Last year I visited Switch Lighting, a small Silicon Valley company that claimed to have built something revolutionary. Switch’s product: a light bulb that produced the same warm, comforting glow that we associate with Edison’s enduring incandescent bulb but lasts 20 times longer and uses a fraction of the energy. It was beautiful, too. A pear-shaped glass orb that sat atop a shiny metallic heatsink, the Switch bulb looked like a work of art. Best of all, it was remarkably affordable. The Switch bulb was going to cost $20, but over its 20-year-lifespan—yes, 20 years!—it would save you almost $100 in energy over an incandescent bulb.
I was won over. In my story—“The World’s Greatest Light Bulb”—I promised that when the Switch bulbs went on sale in the fall of 2011, I’d be buying them for my house. I wasn’t the only one who was thrilled by the prospect of a perfect light bulb. Wired put the same Switch bulb that I’d hailed on its cover. There was only tiny problem with the bulb that Wired and I went gaga for: It was never released. The company says that it ran into unforeseen manufacturing challenges, and late last year it had to go back to the drawing board. The firm completely redesigned the bulb with an eye to making it easier to manufacture. The good news is that the newly designed Switch bulb is now on sale. You can pick one up at a Batteries Plus store near you.
The bad news is that the Switch isn’t the perfect bulb. For one thing, rather than $20, a Switch bulb that’s equivalent to a 60-watt incandescent now costs $50. What’s more, in my testing, the Switch bulb’s glow doesn’t quite match the quality of light put out by an incandescent bulb. And it’s not just Switch: Over the last few days, I’ve been testing four different LED light bulbs that are now available for sale. I found them all to be pretty good, but each was one notch short of perfect. Considering that you’ll be spending a lot of money on these bulbs and using them until around the time Malia Obama runs for president, you’d be wise to hold off buying any LED bulb right now. Next year, they’ll be much closer to perfect.
The lighting industry has been trying to come up with an energy-efficient replacement for the incandescent bulb for a long time now. The pursuit has lately become more urgent, since federal energy regulations are scheduled to limit the sales of old-school bulbs. In October, 100-watt incandescents were banned. Seventy-five-watt bulbs are scheduled to be discontinued next year, and 60-watt bulbs, which comprise the bulk of the home market, will be banned in 2014.
At the moment, the main alternative to the incandescent is the compact fluorescent, but lots of people don’t like these bulbs. I’m one of them. Most CFLs are ugly, contain trace amounts of mercury, and put out a harsh, whitish light that feels clinical. Hordes of CFL-loving readers attacked my stance on these bulbs, pointing out that “covered” CFLs look just as good as regular bulbs, and also produce warm, yellow light. Indeed, in scientific tests, some CFLs have been shown to produce light that people like more than incandescents. Alas, I still blanch at the sight of CFLs—but if you don’t, your perfect bulb is already here.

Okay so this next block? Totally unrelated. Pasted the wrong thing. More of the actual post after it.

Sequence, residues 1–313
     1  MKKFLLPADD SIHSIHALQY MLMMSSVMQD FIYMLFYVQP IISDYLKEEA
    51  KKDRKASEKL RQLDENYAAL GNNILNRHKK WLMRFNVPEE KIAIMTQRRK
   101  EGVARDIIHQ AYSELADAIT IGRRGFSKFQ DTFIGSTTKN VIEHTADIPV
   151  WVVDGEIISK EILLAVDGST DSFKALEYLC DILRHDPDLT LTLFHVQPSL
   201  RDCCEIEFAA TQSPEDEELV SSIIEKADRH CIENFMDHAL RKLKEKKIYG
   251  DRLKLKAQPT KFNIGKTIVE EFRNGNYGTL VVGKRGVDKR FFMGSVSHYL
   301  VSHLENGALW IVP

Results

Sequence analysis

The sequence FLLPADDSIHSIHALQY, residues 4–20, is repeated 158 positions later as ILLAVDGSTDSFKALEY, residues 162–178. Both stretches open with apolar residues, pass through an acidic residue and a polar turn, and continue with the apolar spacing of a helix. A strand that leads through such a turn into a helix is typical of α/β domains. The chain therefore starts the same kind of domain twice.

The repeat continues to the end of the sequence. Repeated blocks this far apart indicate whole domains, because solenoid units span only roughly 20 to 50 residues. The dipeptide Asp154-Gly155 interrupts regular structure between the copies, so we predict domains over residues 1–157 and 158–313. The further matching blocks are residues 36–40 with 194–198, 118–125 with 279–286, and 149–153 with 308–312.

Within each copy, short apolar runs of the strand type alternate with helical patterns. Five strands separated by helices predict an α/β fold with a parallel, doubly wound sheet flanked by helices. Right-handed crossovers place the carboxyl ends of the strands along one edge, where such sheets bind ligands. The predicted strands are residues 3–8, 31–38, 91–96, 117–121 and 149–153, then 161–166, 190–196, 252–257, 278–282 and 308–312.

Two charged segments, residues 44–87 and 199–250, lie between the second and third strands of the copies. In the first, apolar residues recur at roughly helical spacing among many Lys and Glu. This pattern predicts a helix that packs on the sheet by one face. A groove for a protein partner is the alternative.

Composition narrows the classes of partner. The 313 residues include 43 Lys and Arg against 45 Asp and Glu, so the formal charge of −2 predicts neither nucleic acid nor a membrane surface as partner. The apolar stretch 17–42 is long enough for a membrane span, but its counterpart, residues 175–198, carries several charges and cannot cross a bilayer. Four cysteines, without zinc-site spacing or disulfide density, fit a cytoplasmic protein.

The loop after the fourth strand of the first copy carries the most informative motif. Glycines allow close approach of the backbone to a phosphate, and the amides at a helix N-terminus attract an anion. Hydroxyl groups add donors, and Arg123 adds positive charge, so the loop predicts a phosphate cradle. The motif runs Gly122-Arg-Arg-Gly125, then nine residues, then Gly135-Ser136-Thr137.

For the rest of us, the best hope for matching incandescent bulbs is with LEDs, which are semiconductors that produce light. The quest to turn LEDs into the perfect bulb has dominated the lighting industry over the last few years.
So what’s wrong with the Switch and other LED bulbs now? Let me explain what I was looking for in the bulbs I tested. First, I wanted a nice “color”—I was looking for a bulb that produced a yellowish light rather than a whitish light. The LED bulbs I tested all aimed to produce a “color temperature” of 2700 kelvin, which corresponds to a “soft white” incandescent bulb. (The higher the color temperature, the “cooler,” or whiter, the light looks.) I was also looking for a bulb that produced a beam that was comparable to that of an incandescent. Placed beneath a lampshade, I wanted the bulb to emit light in all directions (rather than just upward or downward). I also didn’t want the light beam to create sharp patterns on the ceiling or the floor, as a spotlight would—instead, the light should hit objects gently, with a blurry line between light and dark. Finally, I assessed the bulb’s appearance when it was both on and off. I wanted a bulb that would look stylish in a transparent fixture—something you’d be happy to show off rather than hide, as you’d do with a CFL.
My assessment was subjective—I didn’t use a chroma meter to test brightness or color, just my eyes—but I did aim for rigor. I tried a parade of these bulbs in lamps in my bedroom, both one at a time and side-by-side, and I took detailed notes on how they performed. I also enlisted my wife to grade the bulbs on all of these criteria. For good measure, we compared the LEDs to a 60-watt equivalent CFL and a good old 60-watt GE incandescent.
My least favorite LED bulbs were the two cheapest ones—the HitLights Warm White Globe, which sells for $18, and the Tuwago A19, which goes for $20. Like all the LED bulbs I tested, these were dimmable and turned on instantly. (This is a big advantage LEDs have over CFLs, many of which take a second to turn on and can’t be dimmed.) Both bulbs are well-designed—with a small plastic dome on top of a gently curved base, the HitLights and Tuwago bulbs both look like ice cream cones. What I didn’t like was the quality of their light. I found both to be slightly too white, as white as the CFL bulb in our mix. My wife agreed—she even preferred the CFL to both these LEDs. (To my eye, the CFL looked a bit harsher, but the difference was slight.)